“That I am not a member of any Christian church is true; but I have never denied the truth of the Scriptures…”
See what I mean about quotes being tricky things? It’s just like the “sound bite” mentality of today’s media. People can be made to say just about anything when edited and presented out of context. To me, a single quote does not a lifelong philosophy make — especially when it comes to religion.
The Religion of the Founding Fathers: 3) The Treaty of Tripoli
This is the 1797 treaty aimed at re-establishing commerce between the brand-spanking-new American government and the nation of Tripoli (or Barbary), whose ass we had just kicked in a series of naval raids after its harassment of U.S. merchant ships. Part of the text of this treaty reads:
“The government of the United States is not in any sense founded on the Christian religion.”
Clearly, this language appears in the treaty to find common ground with that non-Christian nation and to ameliorate its concerns about future aggression or sanctions from the United States in the name of God. Why people sent this as proof of the Founding Fathers’ secularism is beyond me. All the excerpt proves to me (once again) is that the framers were devoted to the separation of church and state in government — not that none of them were Christians. Is there any other way to see this?
Bottom line: While I agree with readers who pointed out that segments of the modern Christian culture have made it their mission over the last 50 years to not only portray the Founding Fathers as crusaders for Christianity, but also to brand America as a “Christian” nation, this doesn’t mean they’re entirely wrong. Many early Americans (I know, not native Americans) were Christians, whether some people want to admit it or not….
However, though it’s completely irrelevant to One Nation, Under Dogma’s main point (that we shouldn’t have to affirm a belief in God to swear allegiance to our country), I concede that my original assertion that the Founding Fathers were “Christians one and all” may have been overstated. In retrospect, I would hope that the framers represented a solid mix of influences: not only Christians of all stripes, but atheists, agnostics, deists, Freemasons (whatever they are), and non-Christians, too — all mixed up with a healthy dash of Enlightenment-age reason, of course.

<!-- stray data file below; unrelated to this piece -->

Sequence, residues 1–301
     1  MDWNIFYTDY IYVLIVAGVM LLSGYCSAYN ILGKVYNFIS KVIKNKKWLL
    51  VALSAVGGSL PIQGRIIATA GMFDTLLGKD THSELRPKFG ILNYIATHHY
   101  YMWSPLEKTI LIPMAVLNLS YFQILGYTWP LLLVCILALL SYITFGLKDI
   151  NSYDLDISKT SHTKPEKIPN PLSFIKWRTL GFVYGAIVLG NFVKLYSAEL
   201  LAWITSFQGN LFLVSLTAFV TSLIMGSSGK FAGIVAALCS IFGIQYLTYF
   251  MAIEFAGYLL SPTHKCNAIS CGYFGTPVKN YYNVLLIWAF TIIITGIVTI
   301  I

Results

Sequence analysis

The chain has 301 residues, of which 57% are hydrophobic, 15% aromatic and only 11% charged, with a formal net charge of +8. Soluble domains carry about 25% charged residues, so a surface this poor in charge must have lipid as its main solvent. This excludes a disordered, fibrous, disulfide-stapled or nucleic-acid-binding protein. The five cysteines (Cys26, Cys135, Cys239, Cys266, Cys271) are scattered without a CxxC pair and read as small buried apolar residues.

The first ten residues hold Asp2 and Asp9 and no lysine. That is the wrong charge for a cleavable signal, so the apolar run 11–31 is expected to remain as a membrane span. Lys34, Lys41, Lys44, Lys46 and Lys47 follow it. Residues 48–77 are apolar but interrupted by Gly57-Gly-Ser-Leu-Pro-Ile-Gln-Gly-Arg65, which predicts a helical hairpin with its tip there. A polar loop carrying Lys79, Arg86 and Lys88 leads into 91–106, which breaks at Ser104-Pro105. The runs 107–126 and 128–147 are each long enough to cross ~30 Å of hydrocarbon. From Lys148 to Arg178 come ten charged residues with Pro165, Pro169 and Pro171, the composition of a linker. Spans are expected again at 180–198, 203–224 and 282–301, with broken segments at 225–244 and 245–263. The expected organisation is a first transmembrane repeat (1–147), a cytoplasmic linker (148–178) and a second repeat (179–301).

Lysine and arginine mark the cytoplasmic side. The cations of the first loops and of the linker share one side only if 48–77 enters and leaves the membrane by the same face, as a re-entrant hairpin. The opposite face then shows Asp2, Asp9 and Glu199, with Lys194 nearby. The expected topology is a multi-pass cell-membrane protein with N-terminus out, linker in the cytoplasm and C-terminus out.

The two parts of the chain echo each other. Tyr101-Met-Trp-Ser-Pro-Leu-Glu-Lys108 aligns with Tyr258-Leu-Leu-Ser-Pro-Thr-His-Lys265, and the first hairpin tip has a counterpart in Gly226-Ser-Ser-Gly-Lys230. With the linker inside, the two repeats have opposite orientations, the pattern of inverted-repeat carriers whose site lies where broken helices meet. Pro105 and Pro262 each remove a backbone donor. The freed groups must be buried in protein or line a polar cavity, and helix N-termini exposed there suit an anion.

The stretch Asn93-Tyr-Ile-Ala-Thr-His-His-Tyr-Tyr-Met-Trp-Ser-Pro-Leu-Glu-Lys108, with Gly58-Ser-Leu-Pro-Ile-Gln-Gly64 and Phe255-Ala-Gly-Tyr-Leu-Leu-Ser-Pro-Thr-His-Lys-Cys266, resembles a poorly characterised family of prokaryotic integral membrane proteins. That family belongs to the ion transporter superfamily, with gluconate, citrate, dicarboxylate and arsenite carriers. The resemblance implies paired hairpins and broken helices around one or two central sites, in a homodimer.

To my way of thinking, that would be the most appropriate body to forge a nation in which religious freedom would flourish, instead of where a “master faith” is imposed on its citizens, along with oaths of patriotism and devotion.
The Religion of the Founding Fathers: Patriotism = Piety? Freedom = Faith?
As I wrote in an open response to critics on the Whiskey & Gunpowder forum:
Some responding to One Nation, Under Dogma have taken the article to be an attack against any and all references to God anywhere in our government or society. Nowhere in my essay did I say or imply that this should be the case. In fact, my article defended the divine in patriotic songs, the slogan “In God We Trust” on our money, and even to some degree the Ten Commandments in courts….
However, clearly for some people, the main point was either lost or diminished during the discussion of ancillary issues regarding the separation of church and state. And so I want to simplify things right now and pose the following question to fans and foes alike, which sums up that point precisely:
Do you think it’s appropriate that in the pledge of loyalty to our country one must also profess a belief in Christianity?